The next step: a new proposal by the European Commission

In response to a parliamentary question by Pascal Arimont, the European Commission stated that it is working to address under-investigated conditions, of which ME/CFS is a paradigmatic example, in the first work programme of Horizon Europe. Although the details of the proposal are still confidential, we believe this could be an important step towards increased funding for ME/CFS research in Europe.

European flags. The EU Commission proposes to address under-investigated conditions like ME/CFS in the first work programme of Horizon Europe.

On 7 October 2020, Belgian Member of the European Parliament (MEP) Pascal Arimont asked a parliamentary question on research into myalgic encephalomyelitis/chronic fatigue syndrome (ME/CFS). Arimont asked how the European Commission would increase funding for biomedical research on ME/CFS as specified in a recent parliamentary resolution.

The European Commission answered his question on 4 December 2020. Although Commissioner Gabriel’s response isn’t very detailed, it includes a promising paragraph:

“Moreover, the Commission services are currently working closely with the Member States in order to address under-investigated conditions, of which ME/CFS is a paradigmatic example, in the first work programme of Horizon Europe.”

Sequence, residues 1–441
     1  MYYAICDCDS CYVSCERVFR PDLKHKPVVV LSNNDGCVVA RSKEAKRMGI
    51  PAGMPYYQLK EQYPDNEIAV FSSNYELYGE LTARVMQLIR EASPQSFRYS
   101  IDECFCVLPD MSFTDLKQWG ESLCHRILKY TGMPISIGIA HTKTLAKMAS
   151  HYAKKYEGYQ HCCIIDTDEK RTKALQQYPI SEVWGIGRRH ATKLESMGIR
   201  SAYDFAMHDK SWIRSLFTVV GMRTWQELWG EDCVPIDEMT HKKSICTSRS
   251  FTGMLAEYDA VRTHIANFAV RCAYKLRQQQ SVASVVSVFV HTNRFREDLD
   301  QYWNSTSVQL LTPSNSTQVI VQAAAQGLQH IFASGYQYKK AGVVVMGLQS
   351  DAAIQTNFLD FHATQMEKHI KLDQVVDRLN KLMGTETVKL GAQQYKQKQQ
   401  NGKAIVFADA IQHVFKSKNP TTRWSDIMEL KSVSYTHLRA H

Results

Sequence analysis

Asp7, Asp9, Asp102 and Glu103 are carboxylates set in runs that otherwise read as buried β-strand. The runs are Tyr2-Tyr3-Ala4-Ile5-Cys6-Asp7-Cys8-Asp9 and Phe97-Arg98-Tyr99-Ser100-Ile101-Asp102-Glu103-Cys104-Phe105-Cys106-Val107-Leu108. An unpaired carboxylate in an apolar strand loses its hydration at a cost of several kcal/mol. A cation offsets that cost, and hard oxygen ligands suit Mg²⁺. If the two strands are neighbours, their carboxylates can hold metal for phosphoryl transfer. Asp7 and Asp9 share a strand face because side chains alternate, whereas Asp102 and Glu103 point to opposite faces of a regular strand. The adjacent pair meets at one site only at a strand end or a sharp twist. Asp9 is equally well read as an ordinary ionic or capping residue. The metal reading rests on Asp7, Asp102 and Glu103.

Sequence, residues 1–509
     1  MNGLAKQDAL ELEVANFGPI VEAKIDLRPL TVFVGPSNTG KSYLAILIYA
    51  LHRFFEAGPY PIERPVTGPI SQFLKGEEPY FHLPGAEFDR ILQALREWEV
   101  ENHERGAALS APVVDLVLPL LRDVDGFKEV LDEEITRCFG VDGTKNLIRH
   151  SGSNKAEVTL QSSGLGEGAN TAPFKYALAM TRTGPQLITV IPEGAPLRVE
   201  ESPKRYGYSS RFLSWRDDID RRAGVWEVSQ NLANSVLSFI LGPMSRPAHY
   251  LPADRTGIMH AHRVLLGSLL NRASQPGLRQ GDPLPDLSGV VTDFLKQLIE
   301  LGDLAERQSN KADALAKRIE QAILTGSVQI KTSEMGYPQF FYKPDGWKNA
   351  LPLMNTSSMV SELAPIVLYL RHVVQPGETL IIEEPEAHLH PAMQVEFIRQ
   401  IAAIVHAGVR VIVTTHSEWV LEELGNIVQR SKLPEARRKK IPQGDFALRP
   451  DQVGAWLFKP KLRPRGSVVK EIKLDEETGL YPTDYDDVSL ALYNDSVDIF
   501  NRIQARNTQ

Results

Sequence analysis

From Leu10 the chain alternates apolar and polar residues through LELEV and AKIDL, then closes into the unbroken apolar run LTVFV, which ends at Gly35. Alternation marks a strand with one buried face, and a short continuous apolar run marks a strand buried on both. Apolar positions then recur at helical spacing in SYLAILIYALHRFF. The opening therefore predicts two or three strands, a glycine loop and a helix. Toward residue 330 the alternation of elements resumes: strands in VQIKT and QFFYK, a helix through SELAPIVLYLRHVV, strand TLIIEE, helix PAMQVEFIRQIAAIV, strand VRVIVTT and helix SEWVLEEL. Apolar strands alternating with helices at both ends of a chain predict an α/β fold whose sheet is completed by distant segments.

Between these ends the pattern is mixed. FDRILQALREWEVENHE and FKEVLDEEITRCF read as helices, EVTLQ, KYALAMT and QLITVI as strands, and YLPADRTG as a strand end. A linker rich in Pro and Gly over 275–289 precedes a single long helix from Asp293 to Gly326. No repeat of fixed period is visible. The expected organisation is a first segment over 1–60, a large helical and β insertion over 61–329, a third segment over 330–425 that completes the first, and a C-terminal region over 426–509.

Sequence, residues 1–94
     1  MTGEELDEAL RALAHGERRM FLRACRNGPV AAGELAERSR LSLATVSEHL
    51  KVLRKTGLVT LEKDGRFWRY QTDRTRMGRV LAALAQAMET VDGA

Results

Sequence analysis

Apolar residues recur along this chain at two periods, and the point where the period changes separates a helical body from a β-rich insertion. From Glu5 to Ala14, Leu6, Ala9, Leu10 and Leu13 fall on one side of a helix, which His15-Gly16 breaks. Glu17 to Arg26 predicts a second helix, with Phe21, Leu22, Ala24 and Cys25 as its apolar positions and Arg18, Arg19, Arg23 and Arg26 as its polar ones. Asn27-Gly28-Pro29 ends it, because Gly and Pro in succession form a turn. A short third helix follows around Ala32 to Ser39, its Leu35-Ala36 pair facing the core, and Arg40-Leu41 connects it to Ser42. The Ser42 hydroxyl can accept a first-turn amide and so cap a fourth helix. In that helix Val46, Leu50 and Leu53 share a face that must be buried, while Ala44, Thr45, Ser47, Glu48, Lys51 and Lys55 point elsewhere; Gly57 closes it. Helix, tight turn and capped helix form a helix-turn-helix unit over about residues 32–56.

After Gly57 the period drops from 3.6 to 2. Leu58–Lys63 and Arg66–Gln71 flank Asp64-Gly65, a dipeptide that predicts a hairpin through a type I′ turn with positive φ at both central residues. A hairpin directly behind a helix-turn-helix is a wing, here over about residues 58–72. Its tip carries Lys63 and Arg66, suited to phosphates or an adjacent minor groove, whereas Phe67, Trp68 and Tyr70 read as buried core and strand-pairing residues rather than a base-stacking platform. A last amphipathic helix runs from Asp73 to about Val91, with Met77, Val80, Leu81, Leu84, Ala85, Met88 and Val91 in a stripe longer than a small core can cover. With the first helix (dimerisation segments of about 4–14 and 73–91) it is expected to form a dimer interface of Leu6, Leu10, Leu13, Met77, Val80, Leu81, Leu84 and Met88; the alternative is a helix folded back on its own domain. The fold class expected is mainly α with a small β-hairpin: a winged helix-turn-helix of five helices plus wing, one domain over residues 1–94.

The cluster of Health in Horizon Europe, the research program of the EU, has a budget of more than 6 billion euros. If this new category of under-investigated illnesses like ME/CFS was included in the work program of Horizon Europe, this would mean a great step forward. It would allow European ME/CFS scientists to apply more easily for research funding, not just once, but on a structural basis.

Associated countries like Norway, Switzerland and the UK also contribute financially to Horizon Europe and scientists from these countries will be able to apply for funds as well.

From conversations and correspondence with representatives of the Commission we know that this special provision is the most realistic way to make progress. We received a letter from the Commission that stated that their services have been following this issue closely and that they are presently working with the Member States on how to best address this need in Horizon Europe. Unfortunately we do not know the details of the proposal that is on the table. The content of the first HE work program is still confidential and will only be shared publicly in the first quarter of 2021.

The Commission reiterated that we can count on their steady support for this cause. The Commission reconfirmed that it stands ready to work together to achieve tangible progress, regardless of the very challenging times we are living in.

The most important next step will be to get the approval of the Member States for the Commission’s proposal. We have asked several patient organizations throughout Europe to help us contact their responsible Ministers. We thank them for their support.

As members of EMEC we will do our very best to make sure these promising ideas will come to life, so that European ME researchers will be able to research the illness. We hope this will ultimately lead to a better future for people with ME/CFS.